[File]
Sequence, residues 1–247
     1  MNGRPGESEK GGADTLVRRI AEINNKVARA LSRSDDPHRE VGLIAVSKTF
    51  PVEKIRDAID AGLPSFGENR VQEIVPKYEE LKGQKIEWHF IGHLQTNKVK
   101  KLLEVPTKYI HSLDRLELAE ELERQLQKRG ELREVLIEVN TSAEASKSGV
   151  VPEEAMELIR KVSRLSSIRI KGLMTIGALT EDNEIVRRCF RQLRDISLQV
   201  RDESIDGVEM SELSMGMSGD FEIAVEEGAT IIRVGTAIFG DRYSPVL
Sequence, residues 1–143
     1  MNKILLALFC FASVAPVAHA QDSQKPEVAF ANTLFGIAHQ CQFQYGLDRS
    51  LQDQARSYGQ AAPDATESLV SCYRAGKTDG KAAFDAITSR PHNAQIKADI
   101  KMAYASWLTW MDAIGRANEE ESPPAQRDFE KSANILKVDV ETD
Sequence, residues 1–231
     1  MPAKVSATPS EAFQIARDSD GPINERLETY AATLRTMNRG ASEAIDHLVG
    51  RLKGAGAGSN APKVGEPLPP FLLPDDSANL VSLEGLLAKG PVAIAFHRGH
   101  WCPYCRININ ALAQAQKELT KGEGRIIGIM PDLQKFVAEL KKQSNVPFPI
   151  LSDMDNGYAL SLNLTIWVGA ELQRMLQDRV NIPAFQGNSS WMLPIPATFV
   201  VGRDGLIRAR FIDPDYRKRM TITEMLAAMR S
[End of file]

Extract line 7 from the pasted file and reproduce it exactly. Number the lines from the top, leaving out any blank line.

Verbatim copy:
Sequence, residues 1–143